Alejo Carpentier – Los Pasos Perdidos Sunday, Sep 26 2010 

A long time ago I posted a translation of a Pablo Neruda poem that I enjoyed quite a bit. That translation was not mine, and it has been a long time since I’ve tried any heavy translating, but I thought I would give it a quick try.

Los Pasos Perdidos, written by Alejo Carpentier, is one of my favorite novels in Spanish. This quote comes from a moment when the protagonist is struck by the seemingly purposeful beauty that surrounds him. Traveling on the River Orinoco, he thinks the following:

“Llego a preguntarme a veces si las formas superiores de la emoción estética no consistirán, simplemente, en un supremo entendimiento de lo creado. Un día, los hombres descubrirán un alfabeto en los ojos de las calcedonias, en los pardos terciopelos de la falena, y entonces se sabrá con asombro que cada caracol manchado era, desde siempre, un poema.”

And my translation:

“There are times when I wonder whether the superior forms of aesthetic emotion should not consist, simply, in a supreme understanding of creation. One day men will discover an alphabet in the eyes of chalcedony; in the velveted dun of the moth. And so it will be known, and wondered at, that each speckled snail’s shell was, from the beginning, a poem.”

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I am unsure if I really captured it or not, but I still like it. Any suggestions on the translation? Please improve it!

Pablo Neruda – Me gustas cuando callas Sunday, Oct 29 2006 

Taken from: Veinte poemas de amor y una canción desesperada. Escrito por Pablo Neruda

Translation: Copyrighted 1969 to W.S. Merwin, published 1969 by Grossman Publishers.

ISBN: 0-14-243770-0

Me gustas cuando callas

by Pablo Neruda

Me gustas cuando callas porque estás como ausente,
y me oyes desde lejos, y mi voz no te toca.
Parece que los ojos se te hubieran volado
y parece que un beso te cerrara la boca.

Como todas las cosas están llenas de mi alma
emerges de las cosas, llena del alma mía.
Mariposa de sueño, te pareces a mi alma,
y te pareces a la palabra melancolía.

Me gustas cuando callas y estás como distante.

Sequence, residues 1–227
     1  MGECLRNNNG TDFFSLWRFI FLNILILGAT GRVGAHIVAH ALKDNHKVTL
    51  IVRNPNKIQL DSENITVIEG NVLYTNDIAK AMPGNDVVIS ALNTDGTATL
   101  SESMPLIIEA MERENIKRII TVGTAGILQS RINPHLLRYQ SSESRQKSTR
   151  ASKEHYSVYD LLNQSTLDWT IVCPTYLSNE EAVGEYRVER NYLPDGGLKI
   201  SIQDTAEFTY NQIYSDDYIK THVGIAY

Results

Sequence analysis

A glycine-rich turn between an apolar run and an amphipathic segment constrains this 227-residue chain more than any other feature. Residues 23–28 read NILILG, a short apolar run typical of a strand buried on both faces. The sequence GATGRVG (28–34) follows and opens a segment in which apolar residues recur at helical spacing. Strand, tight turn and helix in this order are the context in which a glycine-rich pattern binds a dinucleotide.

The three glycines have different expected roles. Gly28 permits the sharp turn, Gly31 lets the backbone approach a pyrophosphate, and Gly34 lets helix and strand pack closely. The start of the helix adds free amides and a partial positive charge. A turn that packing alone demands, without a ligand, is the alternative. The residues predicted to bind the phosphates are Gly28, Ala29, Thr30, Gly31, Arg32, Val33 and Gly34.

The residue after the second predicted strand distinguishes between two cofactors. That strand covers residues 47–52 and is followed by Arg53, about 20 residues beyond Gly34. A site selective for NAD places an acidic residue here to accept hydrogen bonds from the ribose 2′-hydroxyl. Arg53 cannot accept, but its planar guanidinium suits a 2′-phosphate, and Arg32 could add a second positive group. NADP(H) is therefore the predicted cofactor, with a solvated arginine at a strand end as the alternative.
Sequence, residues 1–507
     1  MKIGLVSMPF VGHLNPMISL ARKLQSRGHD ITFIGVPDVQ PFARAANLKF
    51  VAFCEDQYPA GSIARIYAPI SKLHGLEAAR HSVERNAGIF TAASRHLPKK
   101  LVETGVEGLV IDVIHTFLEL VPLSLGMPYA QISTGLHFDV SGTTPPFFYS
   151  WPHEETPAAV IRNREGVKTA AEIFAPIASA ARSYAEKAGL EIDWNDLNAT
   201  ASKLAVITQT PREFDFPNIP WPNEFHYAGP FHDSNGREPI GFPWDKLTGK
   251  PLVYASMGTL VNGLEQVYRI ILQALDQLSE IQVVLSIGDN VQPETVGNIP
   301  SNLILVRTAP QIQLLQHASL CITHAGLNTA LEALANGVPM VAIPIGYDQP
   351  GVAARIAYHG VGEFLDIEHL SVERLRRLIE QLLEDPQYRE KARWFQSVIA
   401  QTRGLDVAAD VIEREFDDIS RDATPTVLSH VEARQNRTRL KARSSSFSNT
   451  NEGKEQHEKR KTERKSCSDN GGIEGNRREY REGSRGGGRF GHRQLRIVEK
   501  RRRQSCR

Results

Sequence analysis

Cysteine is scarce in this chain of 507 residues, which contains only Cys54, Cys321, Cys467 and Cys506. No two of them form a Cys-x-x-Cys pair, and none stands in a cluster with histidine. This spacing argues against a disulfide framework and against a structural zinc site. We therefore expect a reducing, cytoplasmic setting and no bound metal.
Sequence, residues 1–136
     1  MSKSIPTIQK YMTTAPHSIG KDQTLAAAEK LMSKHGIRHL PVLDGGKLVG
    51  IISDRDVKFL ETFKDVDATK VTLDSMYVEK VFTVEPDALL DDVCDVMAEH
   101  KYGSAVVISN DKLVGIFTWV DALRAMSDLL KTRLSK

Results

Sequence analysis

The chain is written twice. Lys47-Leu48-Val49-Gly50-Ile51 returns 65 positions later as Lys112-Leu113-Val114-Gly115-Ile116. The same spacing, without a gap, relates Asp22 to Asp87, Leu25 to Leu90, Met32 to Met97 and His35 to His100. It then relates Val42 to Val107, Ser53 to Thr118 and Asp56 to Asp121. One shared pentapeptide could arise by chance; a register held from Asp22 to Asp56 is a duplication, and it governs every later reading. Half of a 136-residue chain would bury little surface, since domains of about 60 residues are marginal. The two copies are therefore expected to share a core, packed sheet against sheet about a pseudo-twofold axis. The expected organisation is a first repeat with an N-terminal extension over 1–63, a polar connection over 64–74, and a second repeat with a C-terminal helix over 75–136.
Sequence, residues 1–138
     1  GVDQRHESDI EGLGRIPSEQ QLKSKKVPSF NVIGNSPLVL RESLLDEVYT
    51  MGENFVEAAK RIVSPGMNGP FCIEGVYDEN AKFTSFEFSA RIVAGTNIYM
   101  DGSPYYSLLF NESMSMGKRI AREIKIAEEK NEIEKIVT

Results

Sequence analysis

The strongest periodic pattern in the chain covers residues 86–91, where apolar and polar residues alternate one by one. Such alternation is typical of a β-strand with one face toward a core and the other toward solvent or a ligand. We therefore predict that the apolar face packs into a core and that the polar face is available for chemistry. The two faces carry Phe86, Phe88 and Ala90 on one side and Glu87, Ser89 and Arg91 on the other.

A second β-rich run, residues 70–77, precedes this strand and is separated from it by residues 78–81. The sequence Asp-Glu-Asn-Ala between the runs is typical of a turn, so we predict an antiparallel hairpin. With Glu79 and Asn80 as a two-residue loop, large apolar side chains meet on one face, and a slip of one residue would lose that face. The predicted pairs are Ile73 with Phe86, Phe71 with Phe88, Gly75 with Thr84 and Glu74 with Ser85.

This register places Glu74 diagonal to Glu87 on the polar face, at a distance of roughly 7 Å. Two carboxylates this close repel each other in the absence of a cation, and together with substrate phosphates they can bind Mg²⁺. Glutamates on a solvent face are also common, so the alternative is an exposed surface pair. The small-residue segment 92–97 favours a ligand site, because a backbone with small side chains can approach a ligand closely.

Y estás como quejándote, mariposa en arrullo.
Y me oyes desde lejos, y mi voz no te alcanza:
déjame que me calle con el silencio tuyo.

Déjame que te hable también con tu silencio
claro como una lámpara, simple como un anillo.
Eres como la noche, callada y constelada.
Tu silencio es de estrella, tan lejano y sencillo.

Me gustas cuando callas porque estás como ausente.
Distante y dolorosa como si hubieras muerto.
Una palabra entonces, una sonrisa bastan.
Y estoy alegre, alegre de que no sea cierto.

English Translation (which stinks, but what can you do?)

I Like for You to be Still

I like for you to be still: it as though you were absent,
and you hear me from far away and my voice does not

    touch you

It seems as though your eyes had flown away
and it seems that a kiss had sealed your mouth.

As all things are filled with my soul
you emerge from the things, filled with my soul.
You are like my soul, a butterfly of dream,
and you are like the word Melancholy.

I like for you to be still, and you seem far away.
It sounds as though you were lamenting, a butterfly cooing like

    a dove

And you hear me from far away, and my voice does not reach

    you:

Let me come to be still in your silence.

And let me talk to you with your silence
that is bright as a lamp, simple as a ring.
Your are like the night, with its stillness and constellations.
Your silence is that of a star, as remote and candid.

I like for you to be still: it is as though you were absent,
distant and full of sorrow as though you had died.
One word then, one smile, is enough.
And I am happy, happy that it’s not true.

Pablo Neruda is my favorite spanish speaking poet, hands down. I know that most people don’t enjoy poetry at all, and even fewer guys do, but it’s really found a unique place in my life. Neruda directs his language so well in this poem, making you almost whisper most of it. Beautiful.